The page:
Enrique Vera was born in Peru—a place people travel thousands of miles to photograph—but took up his camera in response to life in Northeast México, a land of national parks, rugged mountains that in satellite views resemble orbital images of Mars, and scenic landscapes that he sees as perhaps only someone raised elsewhere can see. Like the American West, his land offers endless vistas, like the black mountains seen from even higher ground in “La Popa” and “El Patosi,” where the ranges are visually separated by ribbons of white clouds. The cracked, desolate desert soil on which nothing but a paradoxical seashell appears in “Labertinos” sets the stage for romantic ruins like “Hacienda del Muerto (House of Death),” crumbling adobe walls pierced by the setting sun, and surprising bits of geology or topography like “Chipinque,” a forest shrouded in mist, or the petrified sand dunes of “Dunas de Yeso.”
In theory, we look at each work of art individually; a bad painting by a famous painter is still a bad painting, while quality can stand in isolation. In reality, though, reputation and the aura of greatness are the original resumé, and a familiar body of work is like the knowledge-over-time that makes an old friend dependable. Enrique Vera, a young artist who shows both innate talent and dedication, is thereby doubly promising. Yet a small, carping voice in the critic’s head reminds us that in the coming years the trails he loves to hike and cycle could lead him somewhere besides the gallery. This is particularly an issue with photography, an art—if it really is an art—currently facing challenges none has ever faced before. The digital camera and its accompanying avalanche of software have made it possible not only for anyone to take a credible photo, but to carry a camera virtually every minute of one’s life: to make photography, in effect, a full-time avocation in which traditional knowledge and skills are supplied by machines. Any one artist notwithstanding, where does that leave the entire medium?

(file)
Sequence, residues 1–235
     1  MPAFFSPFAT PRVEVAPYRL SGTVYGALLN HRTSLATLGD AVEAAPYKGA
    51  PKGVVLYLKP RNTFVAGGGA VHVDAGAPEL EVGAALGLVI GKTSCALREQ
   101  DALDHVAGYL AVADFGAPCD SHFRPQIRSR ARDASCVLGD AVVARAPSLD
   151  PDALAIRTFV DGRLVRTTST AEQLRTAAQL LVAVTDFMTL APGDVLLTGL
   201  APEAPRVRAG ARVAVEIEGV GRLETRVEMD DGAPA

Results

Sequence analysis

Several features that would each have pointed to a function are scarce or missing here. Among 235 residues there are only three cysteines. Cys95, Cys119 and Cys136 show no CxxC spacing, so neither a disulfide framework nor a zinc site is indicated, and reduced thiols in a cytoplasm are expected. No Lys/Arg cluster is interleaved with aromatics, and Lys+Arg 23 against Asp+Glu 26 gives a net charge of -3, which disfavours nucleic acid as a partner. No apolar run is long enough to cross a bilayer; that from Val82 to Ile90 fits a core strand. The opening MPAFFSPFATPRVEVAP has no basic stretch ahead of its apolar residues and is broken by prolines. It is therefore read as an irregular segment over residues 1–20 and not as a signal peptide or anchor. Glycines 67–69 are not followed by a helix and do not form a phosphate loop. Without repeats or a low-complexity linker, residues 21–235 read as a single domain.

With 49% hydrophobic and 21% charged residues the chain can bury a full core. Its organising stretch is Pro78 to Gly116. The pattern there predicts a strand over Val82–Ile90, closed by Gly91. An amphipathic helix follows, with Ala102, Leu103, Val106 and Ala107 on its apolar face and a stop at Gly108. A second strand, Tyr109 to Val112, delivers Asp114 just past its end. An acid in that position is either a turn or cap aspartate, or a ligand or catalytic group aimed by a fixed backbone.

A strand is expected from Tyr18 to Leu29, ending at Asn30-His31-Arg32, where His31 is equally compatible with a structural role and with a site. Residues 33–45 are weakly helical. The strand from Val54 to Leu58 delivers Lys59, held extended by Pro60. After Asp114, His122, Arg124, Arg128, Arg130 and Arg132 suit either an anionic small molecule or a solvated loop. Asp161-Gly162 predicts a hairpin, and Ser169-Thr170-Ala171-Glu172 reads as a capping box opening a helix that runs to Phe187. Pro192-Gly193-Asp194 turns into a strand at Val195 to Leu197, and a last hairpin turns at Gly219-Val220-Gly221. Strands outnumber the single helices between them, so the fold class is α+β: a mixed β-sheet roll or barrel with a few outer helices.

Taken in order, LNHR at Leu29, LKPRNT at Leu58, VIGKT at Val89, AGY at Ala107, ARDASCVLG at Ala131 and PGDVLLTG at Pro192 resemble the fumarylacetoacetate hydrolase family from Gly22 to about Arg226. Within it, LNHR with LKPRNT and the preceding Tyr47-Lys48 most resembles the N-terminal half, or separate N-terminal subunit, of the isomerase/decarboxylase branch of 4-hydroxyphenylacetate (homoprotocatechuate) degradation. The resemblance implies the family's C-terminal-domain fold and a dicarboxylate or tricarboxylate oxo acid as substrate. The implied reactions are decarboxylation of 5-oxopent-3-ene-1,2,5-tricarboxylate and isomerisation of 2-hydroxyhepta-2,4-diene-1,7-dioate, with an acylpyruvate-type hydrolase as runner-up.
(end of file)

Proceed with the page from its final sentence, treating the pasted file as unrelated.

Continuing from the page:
In more practical terms, the kind of photographic documentary of the visible world seen here achieved a kind of apotheosis in work like that of Gary Winograd, Diane Arbus, and Lee Friedlander, and is now suffering from feeling exhausted. Today’s photographers, figures like Jeff Wall and Gregory Crewdson, are more likely to fabricate their own subjects to photograph. Responsibility has shifted in a subtle way, from the choice of what to shoot at to something more comprehensive, like what artists in more traditional media were expected to do: imagine and create. All the same, commercial art galleries, the shelves of libraries, and the walls of museums can be seen to argue that there is nothing new that can’t be turned into a fad, but that we will never grow tired of looking at the world together. For those who agree, Enrique Vera offers a unique way of seeing a part of the world that, despite its relative accessibility, remains largely unknown, and that, whatever the future holds for it, will always be available to our eyes just as he found it.
Geoff Wichert has degrees in critical writing and creative nonfiction. He writes about art to settle the arguments going on in his head.